Demand for large PET water bottles is spurring Arrowhead Water Products Ltd. to expand its production of the containers.
Arrowhead, based in Calgary, Alberta, has installed a second Siapi blow molding machine to keep up with sales of 15-liter bottles. Sales are brisk for a number of reasons, said Arrowhead President and Chief Executive Officer Donald Wood.
The bottles are not made with bisphenol A, a material that has caused some safety concerns with polycarbonate bottles. Arrowhead's bottles are single-use and can be crushed easily for recycling in municipal programs that accept PET, the company said.
They do not carry the C$10 (US$9.83) deposit fee of 18.9-liter PC bottles that has encouraged theft. And retailers are coming to like them because they save space compared with PC and glass bottles that need to be stored before shipping out for refilling, Wood said.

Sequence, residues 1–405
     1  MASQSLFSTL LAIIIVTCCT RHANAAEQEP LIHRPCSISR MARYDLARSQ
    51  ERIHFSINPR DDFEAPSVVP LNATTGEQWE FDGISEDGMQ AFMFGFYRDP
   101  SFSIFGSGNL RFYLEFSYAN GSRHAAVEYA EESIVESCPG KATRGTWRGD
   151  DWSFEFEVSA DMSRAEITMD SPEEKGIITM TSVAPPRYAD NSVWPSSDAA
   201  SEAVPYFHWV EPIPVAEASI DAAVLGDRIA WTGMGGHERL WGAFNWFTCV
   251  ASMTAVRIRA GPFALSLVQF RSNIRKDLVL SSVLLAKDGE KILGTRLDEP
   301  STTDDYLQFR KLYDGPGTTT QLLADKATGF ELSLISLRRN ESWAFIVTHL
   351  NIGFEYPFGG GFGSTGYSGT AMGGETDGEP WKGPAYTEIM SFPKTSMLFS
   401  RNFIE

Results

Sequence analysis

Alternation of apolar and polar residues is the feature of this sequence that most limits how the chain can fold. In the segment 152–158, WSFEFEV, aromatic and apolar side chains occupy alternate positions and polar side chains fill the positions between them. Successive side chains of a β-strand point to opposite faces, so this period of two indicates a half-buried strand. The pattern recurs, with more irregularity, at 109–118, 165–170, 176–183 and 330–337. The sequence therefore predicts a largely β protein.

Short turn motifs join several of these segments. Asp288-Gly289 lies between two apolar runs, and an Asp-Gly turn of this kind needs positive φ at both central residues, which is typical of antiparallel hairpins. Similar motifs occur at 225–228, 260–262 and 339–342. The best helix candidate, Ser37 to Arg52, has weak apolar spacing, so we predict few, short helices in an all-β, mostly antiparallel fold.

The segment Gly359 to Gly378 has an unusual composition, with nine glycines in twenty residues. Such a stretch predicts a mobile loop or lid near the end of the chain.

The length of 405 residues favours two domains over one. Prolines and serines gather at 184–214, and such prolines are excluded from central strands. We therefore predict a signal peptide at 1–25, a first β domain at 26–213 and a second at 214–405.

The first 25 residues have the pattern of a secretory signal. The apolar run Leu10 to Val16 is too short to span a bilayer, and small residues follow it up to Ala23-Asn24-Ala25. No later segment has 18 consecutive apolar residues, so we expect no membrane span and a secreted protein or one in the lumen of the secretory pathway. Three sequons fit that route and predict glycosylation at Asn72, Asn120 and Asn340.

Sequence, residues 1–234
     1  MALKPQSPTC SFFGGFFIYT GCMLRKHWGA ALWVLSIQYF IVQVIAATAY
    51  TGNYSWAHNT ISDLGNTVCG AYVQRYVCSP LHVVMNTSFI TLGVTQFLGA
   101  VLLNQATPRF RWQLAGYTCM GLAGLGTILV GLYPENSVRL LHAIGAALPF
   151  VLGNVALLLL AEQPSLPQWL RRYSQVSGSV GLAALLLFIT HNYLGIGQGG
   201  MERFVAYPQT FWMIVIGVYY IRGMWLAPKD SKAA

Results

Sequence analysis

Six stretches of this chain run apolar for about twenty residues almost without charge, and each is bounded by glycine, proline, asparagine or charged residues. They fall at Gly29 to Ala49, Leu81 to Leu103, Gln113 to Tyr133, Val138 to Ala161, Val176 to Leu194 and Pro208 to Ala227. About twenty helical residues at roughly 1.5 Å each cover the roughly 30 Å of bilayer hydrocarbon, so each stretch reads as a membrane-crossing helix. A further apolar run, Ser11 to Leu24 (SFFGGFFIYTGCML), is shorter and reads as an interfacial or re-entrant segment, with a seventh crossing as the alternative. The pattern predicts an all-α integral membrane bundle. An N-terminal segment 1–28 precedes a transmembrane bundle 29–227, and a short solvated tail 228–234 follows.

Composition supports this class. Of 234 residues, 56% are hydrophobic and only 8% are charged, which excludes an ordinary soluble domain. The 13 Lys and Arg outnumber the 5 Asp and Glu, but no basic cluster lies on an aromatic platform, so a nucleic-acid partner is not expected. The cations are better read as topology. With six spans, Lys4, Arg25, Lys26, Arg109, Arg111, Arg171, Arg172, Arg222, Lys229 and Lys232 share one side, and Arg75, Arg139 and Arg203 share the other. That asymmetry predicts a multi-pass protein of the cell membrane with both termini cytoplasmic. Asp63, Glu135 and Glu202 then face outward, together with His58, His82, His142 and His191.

``More of the larger stores are interested in getting out of deposit systems,'' he said in a telephone interview. ``PET is a competitive advantage in larger bottle formats.''
So far, Arrowhead has invested more than C$2.2 million (US$2.16 million) in the 15-liter bottles. It currently has about half a million bottles in the marketplace. That number will grow as it strives to replace its PC bottles, which now number 1.5 million strong.
The company has been blow molding bottles since September 2006, when it installed its first Siapi machine. It buys preforms and owns its molds. Arrowhead is registered to sell the 15-liter bottles in Alberta and is one of two firms registered to sell them in British Columbia.
Arrowhead recently raised cash to help expand its 15-liter bottle program. It sold its home and office water delivery business to an undisclosed party for about C$1.9 million (US$1.86 million).
The firm claims to be Canada's largest Canadian-owned, publicly traded water company in large-format bottled drinking water.